Students at Murray-Wright High School have been showing up to class in T-shirts this week emblazoned with the initials: BLVD - Brotherly Love, Violence is Death. The students at this inner-city school have good reason to think about violence. On April 16, a 14-year-old student, described as a violent troublemaker, ran through the halls firing a .357 magnum at star football player Chester Jackson. The 17-year-old Jackson was killed, while two other students were wounded in the attack.
``I can't understand it. He didn't agitate,'' says Latrice Neal, a 15-year-old girlfriend of Jackson's. ``The whole thing is so unreal to me.''
The situation seems unreal to many Detroiters, but the statistics paint a grim picture: since the beginning of the year, at least 11 students of high school age or younger have been killed by gunfire in Detroit. At least 105 have been wounded - including three shot and wounded this week alone.
Most of the violence takes place on the streets, where it frequently erupts over the outcome of basketball games and petty arguments. In one case earlier this year, a youngster was gunned down when he refused to give his silk shirt to another teen-ager. Police say it has become common for young hoods to steal expensive shirts, sneakers, and jackets at gunpoint.
The Jackson murder stood out because it drove home the fear that many students are not limiting their violence to the streets but are taking weapons to class along with their textbooks and pens.
``I'm afraid to come to school. I'm real scared that something could happen to me,'' said Tanya Rucker, a sophomore at Mumford High School.
On Monday and Tuesday, the board of education canceled regular classes to hold a series of rallies to discuss the epidemic of violence that has gripped the city. And it was a mixture of fear, concern, frustration, and even panic that drew an estimated 50,000 Detroit students, parents, and community leaders together to try to find the answer to a riddle nobody fully understands: Why are Detroit teen-agers becoming so violent?
``We don't sell weapons to our students in our bookstore,'' said Robin Oden, principal at Mumford High, on Detroit's north side. ``They bring those weapons from home or they [buy] them on the street.''
Dr. Oden said he was pleased by the turnout at the Mumford rallies, which he says have helped ``sensitize'' the community to the very real nature of the crisis, but he admitted that may not be enough.
``This is reflective of a general trend toward violence in our city's neighborhoods,'' said Garret Payne, a psychologist who works with the board of education, and who attended a number of the school rallies to try to understand what is happening in the community. ``Kids are living in a very hostile environment.''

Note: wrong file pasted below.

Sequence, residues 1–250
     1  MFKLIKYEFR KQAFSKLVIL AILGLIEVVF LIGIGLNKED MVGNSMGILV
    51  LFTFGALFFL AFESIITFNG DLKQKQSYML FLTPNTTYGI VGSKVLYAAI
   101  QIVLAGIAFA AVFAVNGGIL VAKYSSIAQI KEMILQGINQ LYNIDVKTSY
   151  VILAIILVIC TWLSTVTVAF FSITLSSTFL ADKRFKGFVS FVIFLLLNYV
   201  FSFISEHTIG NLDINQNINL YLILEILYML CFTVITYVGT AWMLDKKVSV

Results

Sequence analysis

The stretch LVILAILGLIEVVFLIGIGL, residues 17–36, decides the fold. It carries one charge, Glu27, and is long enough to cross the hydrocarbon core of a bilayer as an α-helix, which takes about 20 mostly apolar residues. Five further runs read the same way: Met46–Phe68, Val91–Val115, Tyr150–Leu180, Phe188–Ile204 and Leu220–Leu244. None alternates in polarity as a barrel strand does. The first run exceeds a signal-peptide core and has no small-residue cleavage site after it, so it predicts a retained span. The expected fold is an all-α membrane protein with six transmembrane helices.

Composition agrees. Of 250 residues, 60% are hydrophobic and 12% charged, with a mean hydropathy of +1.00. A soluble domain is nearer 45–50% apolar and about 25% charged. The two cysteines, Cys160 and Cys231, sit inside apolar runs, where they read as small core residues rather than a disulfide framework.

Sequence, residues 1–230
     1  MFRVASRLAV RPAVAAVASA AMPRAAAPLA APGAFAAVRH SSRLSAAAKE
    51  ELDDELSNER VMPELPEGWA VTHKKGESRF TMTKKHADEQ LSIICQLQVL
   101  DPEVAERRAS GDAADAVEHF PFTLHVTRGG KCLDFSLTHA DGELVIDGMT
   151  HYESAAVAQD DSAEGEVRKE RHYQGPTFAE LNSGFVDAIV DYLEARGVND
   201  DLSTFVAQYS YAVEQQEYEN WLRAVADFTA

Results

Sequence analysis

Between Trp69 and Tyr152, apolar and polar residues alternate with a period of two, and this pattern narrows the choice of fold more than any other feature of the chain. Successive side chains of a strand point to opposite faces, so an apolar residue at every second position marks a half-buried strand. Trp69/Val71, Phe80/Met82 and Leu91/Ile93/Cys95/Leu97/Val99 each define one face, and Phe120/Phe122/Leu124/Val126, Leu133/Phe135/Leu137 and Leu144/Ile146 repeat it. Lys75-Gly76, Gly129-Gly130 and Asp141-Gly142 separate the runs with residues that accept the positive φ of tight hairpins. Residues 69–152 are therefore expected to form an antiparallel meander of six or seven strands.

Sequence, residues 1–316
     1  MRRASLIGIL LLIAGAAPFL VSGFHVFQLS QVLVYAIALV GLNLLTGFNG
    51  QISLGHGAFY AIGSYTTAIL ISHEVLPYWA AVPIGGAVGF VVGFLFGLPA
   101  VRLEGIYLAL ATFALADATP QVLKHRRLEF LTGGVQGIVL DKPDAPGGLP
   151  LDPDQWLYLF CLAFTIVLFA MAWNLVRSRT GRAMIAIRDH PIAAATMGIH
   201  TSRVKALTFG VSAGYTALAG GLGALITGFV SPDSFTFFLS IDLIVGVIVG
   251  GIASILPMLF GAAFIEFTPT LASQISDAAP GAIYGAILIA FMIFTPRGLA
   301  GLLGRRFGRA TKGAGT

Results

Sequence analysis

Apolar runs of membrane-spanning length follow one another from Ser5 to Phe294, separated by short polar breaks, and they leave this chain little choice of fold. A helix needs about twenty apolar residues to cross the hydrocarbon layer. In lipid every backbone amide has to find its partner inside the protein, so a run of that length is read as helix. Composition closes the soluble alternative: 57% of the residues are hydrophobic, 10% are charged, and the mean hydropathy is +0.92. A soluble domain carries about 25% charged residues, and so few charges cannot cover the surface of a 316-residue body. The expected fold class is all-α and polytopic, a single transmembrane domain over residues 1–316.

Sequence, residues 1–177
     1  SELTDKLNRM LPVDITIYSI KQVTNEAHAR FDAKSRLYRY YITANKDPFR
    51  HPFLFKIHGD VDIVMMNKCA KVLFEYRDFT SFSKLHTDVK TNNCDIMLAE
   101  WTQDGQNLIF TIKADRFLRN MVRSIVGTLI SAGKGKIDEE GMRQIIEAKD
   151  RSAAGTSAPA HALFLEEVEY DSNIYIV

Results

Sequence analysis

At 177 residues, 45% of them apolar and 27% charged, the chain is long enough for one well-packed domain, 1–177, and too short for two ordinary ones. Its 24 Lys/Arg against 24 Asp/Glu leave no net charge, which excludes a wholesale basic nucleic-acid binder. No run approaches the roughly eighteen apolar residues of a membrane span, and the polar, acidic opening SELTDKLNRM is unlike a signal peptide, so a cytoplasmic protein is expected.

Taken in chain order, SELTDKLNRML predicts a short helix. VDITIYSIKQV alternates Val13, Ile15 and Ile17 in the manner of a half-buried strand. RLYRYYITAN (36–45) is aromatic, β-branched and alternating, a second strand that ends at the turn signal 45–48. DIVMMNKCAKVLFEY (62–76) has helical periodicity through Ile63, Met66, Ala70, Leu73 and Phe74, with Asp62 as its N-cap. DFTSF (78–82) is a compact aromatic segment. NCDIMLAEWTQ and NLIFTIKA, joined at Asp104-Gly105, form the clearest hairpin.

Police officials admit violence is by no means limited to Detroit public schools. The city has the nation's highest homicide rate: 58 for every 100,000 residents. During the first three months of the year, 168 people were murdered, an increase of 20 percent over 1986. In all of last year, Detroit recorded 646 homicides.
Yet it is the wounding and murders of Detroit's children that has begun to move the city to action. ``We've got to defuse the present [violent] value system and instill a new, more peaceful one,'' said the Rev. S. Leon Whitney, a longtime civil rights activist, and pastor of the New Prospect Baptist Church.
But solutions like that take time, and in a city with a high teen-age pregnancy rate, where nearly half the city is on some form of government assistance, where jobs for the young are scarce, and where drugs like crack - a potent form of cocaine - are epidemic, few say they believe crime and violence can simply be talked away.
In the meantime, parents and school officials are demanding that more concrete steps be taken.
``We want to have more staff in the halls - teachers, counselors and administrators,'' said Eloise Anderson, principal at Murray-Wright.
At many of the school rallies, parents were also asked to volunteer their time to join the hall patrols.
``I want to see guards and metal detectors at every door of this school,'' said Gloria Finley, the mother of two Mumford High students. She says she is so worried about violence that she insists upon driving her two teen-agers to school each morning, and she picks them up in the afternoon before going to her second-shift job at the Ford Motor Company.
School officials say that if they can find the money, they will probably place metal detectors at the doors to the city's high schools. They would also like to resume making surprise raids in which police or school guards would search students and their lockers for contraband.
The debate over those raids has been raging for several years. In 1985, they were voluntarily halted when the American Civil Liberties Union threatened to take the school board to court, claiming the searches violated students' constitutional rights.
The school board has decided to crack down hard on violent students. Earlier this week, it announced that any teen-ager caught with a weapon woul be expelled from school. Eventually, that student could be readmitted, but only into a special school for troublemakers - which the city has yet to establish.
Though many students and parents say they are pleased by the increased awareness of the problem of violence in public schools, many question whether any real answers will come from this week's rallies.
Many parents noted that this is not the first time school violence has become a matter of citywide debate and concern. Two years ago, a local community organization called New Detroit held a series of forums on the topic. But the gunshots continued to ring out.
``They'll put in the metal detectors in here, or start those searches, but two weeks later, they'll forget all about it until something happens again,'' complains Murray-Wright student Angela Smith.